Primer: taking correlations out of the black box
One of the most frequently used and misused statistics in investing is correlation. We tend to look at correlations where it is easiest to find data rather than look at the relationships we care most about. Overcoming these shortcomings requires a more discerning approach, we argue. The resulting impact on a portfolio can be significant.
A fuller understanding of correlations requires an understanding of covariance. The correlation of any two series is their covariance divided by the product of the volatility of each series. Covariance measures how each series varies around its average value. So the covariance (and therefore the correlation) measures the average relationship between two variables over some period, a relationship based on the frequency of the data and the average value of each series over that period at that frequency. That’s a very important sentence and one that deserves further investigation:
Correlation is mostly used in investment to say something about how two assets will behave relative to each other in the future. If the future looks like the past and the relationship between the two assets is very stable, then the correlation will function as we hoped. But if the correlation is not stable, as is often the case, then the near-term future may look very different from the average of the past.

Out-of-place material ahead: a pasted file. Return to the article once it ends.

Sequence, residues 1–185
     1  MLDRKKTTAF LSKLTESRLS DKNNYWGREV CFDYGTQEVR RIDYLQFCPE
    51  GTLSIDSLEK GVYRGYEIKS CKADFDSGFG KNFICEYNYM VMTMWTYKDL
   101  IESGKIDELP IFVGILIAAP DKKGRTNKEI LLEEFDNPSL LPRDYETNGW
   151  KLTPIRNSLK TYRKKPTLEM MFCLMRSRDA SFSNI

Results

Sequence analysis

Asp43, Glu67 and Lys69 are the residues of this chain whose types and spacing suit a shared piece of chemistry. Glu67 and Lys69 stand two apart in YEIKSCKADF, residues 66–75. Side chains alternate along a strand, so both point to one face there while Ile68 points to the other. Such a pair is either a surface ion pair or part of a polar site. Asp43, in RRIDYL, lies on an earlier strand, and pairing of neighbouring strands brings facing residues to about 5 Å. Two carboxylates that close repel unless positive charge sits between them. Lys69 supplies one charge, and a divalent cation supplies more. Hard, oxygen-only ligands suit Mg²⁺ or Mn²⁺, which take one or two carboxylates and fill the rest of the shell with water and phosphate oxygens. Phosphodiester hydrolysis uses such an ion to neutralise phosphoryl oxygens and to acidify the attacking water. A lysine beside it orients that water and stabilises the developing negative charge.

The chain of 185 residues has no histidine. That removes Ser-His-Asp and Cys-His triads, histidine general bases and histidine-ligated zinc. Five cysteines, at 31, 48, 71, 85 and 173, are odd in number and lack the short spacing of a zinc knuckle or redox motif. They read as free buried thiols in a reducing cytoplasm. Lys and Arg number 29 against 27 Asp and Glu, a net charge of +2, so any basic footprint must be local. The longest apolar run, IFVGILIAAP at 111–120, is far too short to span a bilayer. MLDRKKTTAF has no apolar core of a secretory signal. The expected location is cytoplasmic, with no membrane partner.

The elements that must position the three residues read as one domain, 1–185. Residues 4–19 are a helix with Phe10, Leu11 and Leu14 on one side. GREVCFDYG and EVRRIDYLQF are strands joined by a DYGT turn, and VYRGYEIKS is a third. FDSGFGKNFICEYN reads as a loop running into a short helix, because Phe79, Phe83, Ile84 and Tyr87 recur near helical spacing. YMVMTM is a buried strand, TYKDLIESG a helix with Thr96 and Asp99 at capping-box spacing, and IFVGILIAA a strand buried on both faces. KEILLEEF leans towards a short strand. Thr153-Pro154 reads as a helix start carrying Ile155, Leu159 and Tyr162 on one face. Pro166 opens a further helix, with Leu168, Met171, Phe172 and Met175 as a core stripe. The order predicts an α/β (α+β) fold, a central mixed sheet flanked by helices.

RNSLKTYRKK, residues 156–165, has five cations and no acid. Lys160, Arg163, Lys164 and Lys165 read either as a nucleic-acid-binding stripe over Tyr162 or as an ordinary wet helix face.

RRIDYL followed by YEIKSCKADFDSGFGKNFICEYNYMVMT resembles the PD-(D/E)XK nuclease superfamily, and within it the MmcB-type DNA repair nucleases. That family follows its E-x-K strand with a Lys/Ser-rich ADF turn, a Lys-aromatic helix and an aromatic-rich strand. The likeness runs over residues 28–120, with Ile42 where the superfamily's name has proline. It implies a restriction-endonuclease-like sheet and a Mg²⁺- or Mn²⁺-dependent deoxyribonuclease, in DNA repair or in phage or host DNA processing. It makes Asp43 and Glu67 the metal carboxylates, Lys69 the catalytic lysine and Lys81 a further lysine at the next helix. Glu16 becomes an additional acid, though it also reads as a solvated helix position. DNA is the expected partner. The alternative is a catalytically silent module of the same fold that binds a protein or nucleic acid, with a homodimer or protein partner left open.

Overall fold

The relationship that is measured by the correlation compares two assets against their respective average values over the selected time period at the chosen data frequency. As the time period and/or the data frequency change, so the correlation is likely to change, leading in part to the instability just mentioned.
In Figure 1 below, the left-hand chart plots a very simple example of two series where the correlation is a perfect +1.0. The right-hand chart adds one more data point to each series. This flips the correlation from +1.0 to almost -1.0, highlighting the instability of correlations and their susceptibility to outlier data.
Figure 1: Guess the correlation
For illustrative purposes only. Source: Schroders.
To extract better information from our correlations, we need to think harder both about what we expect them to be in the future and the data we use to calculate them. Our analysis will improve if we first answer some questions:
- At what frequency do we care about the relationship between two assets?
- What periods in the past are most representative of the period in the future we care about?
- How much data do we have to crunch, given our frequency of interest and the number of historical periods similar to our expected future?
The missing – and vital – ingredient from this analysis is an understanding of what drives asset returns. We have to be ready to use our knowledge of the impact of the economic environment if we are to put correlations to good use. But ultimately, we also have to recognise their limitations. At best they distil complex relationships into an average over a selected period at a certain frequency of observation. To get the best out of correlations, we need to step out of our black-box mindset and think a little harder about what we want from them and how that will affect what we actually get from them.